Nicholas Goodchild

Historic and Pared Down


26 February 2012 by Nicholas in Films

Anonymous is a Roland Emmerich film that contends that Shakespeare didn’t write the plays credited to him and tells a story of intrigue and politics set in the court of Queen Elizabeth. It features a needless framing sequence and has a tendency to jump back and forth in time period to explain the narrative. It is, however, very good. I know what I expect from Emmerich, and there is precious little of it on display: no huge spectacle, no explosions and no scenes of disaster or tragedy. What there is, in their stead, is a surprisingly good treatise on the nature of entertainment as propaganda which touches on the populist nature of much of Shakespeare’s work and a study of office politics and manipulation. It’s the last thing I expected from Emmerich, and the early framing sequence had me believing I would not be watching a film of subtlety and nuance. I was wrong.

The acting is largely very good, and there aren’t many famous faces on show. The cast is largely British so there are very few bad accents on display (oddly enough the only one I noticed was on James I). The stars are actors rather than stars and the acting is very good, if perhaps a little photogenic. To my mind the main poor actor (and the only ropey bit of plotting, although it may be indicative of his supposed nativity and simplicity) is Shakespeare. Oddly enough, even though the film is ostensibly about him and the impact he will have, he is far from the main character.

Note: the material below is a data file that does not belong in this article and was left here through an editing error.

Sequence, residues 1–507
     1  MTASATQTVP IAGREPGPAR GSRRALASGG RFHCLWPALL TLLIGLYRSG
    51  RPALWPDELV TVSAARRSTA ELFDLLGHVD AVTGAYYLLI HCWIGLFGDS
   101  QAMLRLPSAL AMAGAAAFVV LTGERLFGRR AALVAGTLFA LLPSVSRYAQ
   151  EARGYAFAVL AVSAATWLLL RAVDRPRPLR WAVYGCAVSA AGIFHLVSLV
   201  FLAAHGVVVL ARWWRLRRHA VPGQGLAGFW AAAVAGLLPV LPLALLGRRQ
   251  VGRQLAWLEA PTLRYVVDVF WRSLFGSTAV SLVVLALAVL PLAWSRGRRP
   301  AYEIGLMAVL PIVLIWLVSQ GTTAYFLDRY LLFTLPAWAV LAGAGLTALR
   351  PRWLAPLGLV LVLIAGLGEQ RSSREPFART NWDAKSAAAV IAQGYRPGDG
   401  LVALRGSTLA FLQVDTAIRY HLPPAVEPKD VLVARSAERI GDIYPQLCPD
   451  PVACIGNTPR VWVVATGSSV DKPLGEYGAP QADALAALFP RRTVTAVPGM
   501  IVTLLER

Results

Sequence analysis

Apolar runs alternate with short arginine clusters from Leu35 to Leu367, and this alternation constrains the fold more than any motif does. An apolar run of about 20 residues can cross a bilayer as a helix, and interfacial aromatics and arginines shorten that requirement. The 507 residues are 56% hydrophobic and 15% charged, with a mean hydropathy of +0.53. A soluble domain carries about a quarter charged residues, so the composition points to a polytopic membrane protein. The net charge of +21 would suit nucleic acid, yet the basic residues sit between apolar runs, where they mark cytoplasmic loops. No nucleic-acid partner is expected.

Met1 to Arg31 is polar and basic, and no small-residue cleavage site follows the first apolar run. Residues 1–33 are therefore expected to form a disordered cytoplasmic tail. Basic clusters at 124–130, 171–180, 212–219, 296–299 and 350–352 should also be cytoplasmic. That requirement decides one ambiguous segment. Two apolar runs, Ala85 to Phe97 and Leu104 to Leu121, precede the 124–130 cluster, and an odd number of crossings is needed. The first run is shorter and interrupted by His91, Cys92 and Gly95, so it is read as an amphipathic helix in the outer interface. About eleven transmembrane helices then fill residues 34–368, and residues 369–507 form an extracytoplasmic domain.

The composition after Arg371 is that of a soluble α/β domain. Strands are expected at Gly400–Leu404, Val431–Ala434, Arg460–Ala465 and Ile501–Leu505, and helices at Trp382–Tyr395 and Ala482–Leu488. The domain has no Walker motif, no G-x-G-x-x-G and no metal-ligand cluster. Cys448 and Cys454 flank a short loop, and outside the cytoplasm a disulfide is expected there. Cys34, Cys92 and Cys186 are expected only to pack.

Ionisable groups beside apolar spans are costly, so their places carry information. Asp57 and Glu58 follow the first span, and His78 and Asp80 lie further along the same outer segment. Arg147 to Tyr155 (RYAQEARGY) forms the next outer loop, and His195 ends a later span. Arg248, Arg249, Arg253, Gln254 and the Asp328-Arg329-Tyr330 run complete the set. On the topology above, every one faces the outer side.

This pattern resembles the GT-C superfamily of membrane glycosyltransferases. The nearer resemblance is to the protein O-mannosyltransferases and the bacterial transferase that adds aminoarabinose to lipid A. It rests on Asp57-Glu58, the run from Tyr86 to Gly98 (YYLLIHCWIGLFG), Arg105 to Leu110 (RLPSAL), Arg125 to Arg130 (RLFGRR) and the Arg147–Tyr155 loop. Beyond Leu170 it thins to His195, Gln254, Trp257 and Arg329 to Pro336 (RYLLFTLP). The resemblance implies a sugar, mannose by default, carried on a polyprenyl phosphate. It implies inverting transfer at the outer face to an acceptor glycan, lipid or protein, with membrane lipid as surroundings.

The geo politics and their ties to religion are mentioned in the film, but not clumsily, and provide backdrop to some of the dramatic moments of the film. The various strands of protestantism are also shown and form important dramatic threads. The factions within court and the various schemers and plotters also get their moment in the film. It is a quite complicated film yet has a fairly clear through line and narrative flow. The jumping back and forth between the two extremes of Elizabeth’s reign are mainly necessary and mostly easy to distinguish by the ages and appearance of the main cast. Part of me wonders if it would be possible to make the film more linear, but I rather suspect it would be less satisfying dramatically.

The only real problem is the beginning and end of the film. I do wonder if it could have been accomplished purely through narrative or a voice over. I can see the reasons for putting them in but it does seem unnecessary and a distraction from the period detail of the rest of the film. Still, it is churlish to complain; it is a very good film, even if you don’t like expensive blockbusters and disaster movies.